Wat Suan Mokkh - main monastery in Chaiya, Thailand

Wat Suan Mokkh is a forest monastery where about 40 monks live in little huts in the forest. From July to September, during the traditional three month rain retreat, the number of monks may increase to more than 70. Another part of the mon­as­tery grounds is re­served for nuns and lay women.

PictureAt one time, before 1996, a small community of foreigners lived at Wat Suan Mokkh, known worldwide as a center for med­i­ta­tion. Today only occasionally foreigners will stay longer than two or three days before or after the retreat at the associated Inter­na­tional Dharma Her­mit­age about 1.5 km to the east of the main mon­as­tery.

This hermitage attracts more than 1,000 for­eign­ers a year to Wat Suan Mokkh, which some­times appears as Wat Suan Mok in some publications and websites that try to cap­ture the pronunciation. The visitors attend 10-day silent retreats with instruction in med­ita­tion and Dharma. The instructions at the International Dharma Hermitage are given in English.

There are a number of other buildings at Wat Suan Mokkh, including the Spiritual Theater and the assembly hall in the form of a big ship - a metaphor for the Dharma - with a foreign library and the sculpture work­shop.
The foreign library has a variety of books on med­i­ta­tion, Buddhism and related topics in many languages including English, German, French and Japanese.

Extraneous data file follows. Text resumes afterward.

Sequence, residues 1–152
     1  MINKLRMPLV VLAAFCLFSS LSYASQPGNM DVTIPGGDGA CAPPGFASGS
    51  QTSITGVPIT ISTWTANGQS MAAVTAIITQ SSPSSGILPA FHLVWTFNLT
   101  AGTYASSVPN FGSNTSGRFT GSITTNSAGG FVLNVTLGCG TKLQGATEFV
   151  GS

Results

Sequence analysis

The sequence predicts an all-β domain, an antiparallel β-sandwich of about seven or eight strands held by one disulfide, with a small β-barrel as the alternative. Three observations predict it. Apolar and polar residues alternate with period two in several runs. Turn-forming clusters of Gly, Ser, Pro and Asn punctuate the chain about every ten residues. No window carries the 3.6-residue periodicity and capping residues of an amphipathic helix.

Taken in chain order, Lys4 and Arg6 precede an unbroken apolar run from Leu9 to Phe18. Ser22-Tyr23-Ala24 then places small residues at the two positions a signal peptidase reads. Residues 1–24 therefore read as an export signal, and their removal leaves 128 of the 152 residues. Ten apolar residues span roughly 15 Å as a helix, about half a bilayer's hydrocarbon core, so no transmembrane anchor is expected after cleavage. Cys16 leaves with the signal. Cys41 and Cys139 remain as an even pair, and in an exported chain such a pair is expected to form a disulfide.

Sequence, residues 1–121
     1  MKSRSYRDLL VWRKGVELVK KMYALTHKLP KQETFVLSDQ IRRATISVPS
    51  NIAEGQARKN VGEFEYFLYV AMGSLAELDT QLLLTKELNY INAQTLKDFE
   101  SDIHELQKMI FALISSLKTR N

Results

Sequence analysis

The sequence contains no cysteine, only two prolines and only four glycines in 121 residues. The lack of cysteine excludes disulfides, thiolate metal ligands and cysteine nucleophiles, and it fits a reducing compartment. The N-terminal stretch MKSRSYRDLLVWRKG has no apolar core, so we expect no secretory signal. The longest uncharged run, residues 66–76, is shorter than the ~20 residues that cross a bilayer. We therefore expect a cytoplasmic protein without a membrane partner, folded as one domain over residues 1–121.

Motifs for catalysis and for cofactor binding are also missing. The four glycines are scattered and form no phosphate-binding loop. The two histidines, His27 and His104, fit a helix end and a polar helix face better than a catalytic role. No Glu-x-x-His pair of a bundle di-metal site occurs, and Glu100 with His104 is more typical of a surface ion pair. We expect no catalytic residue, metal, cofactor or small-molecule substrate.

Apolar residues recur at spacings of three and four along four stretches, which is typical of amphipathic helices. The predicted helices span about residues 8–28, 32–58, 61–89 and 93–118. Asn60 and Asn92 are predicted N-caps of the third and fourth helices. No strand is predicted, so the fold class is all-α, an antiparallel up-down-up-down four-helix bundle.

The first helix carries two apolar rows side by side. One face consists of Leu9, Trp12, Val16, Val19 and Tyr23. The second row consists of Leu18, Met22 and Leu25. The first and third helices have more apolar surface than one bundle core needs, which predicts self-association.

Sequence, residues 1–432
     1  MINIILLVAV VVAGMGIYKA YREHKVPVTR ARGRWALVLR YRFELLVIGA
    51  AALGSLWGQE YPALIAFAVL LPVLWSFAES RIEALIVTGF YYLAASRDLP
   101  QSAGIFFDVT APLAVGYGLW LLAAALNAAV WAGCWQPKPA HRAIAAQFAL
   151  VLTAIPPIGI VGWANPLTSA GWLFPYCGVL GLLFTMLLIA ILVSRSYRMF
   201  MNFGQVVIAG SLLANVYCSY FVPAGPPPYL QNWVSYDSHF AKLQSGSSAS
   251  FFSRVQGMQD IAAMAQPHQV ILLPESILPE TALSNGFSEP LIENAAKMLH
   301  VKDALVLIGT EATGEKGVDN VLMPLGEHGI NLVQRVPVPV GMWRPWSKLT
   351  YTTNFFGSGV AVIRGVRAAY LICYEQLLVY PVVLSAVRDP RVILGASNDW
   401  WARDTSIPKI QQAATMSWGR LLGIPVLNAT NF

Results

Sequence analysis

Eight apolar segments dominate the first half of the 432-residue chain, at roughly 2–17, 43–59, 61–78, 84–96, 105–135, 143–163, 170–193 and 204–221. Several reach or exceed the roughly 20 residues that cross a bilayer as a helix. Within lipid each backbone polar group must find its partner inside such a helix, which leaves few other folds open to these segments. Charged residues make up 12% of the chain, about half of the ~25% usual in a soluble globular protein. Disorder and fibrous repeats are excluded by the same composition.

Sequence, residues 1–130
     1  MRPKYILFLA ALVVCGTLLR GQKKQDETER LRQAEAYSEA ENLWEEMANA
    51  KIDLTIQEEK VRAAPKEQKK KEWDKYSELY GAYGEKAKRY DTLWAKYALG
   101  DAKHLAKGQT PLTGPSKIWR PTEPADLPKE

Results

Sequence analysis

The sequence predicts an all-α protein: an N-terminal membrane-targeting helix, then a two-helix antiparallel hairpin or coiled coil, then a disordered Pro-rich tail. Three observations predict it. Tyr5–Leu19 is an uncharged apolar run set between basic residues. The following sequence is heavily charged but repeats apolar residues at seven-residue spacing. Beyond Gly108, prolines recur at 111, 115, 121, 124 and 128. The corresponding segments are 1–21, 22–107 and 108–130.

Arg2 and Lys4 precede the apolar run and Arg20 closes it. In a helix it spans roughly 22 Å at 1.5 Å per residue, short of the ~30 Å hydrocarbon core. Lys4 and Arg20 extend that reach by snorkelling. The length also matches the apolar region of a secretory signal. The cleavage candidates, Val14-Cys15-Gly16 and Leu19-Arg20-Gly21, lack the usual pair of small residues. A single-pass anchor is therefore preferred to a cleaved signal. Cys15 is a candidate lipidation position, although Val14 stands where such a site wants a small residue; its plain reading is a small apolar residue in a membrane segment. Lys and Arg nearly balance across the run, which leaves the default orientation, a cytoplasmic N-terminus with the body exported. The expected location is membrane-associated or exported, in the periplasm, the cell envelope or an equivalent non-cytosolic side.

PictureAnyone arriving early for a retreat, wanting to stay longer or arriving during re­treats is wel­come to stay at the main mon­as­tery. Ac­com­mo­dation in dorms (for men) or in­di­vid­ual rooms (for wom­en) is free; food is available inside the mon­as­tery or at the nearby stalls.
Please note that there are neither organised activities nor a certain schedule to be fol­lowed, no teachings or instructions been offered while staying at the main Suan Mokkh monastery. This possibility is therefore most suitable for people who have done a retreat at the In­ter­na­tional Dharma Hermitage already or for experienced med­ita­tors who can use the wat's facilities without guidance.

Staying at the main monastery provides an interesting opportunity to get in touch with the monastic lifestyle of forest monks in Thailand. It is not necessary to dress in white and you do not have to keep silent while staying there but you are asked to dress and behave re­spect­fully and to keep the Eight precepts as described in the Basic Rules page.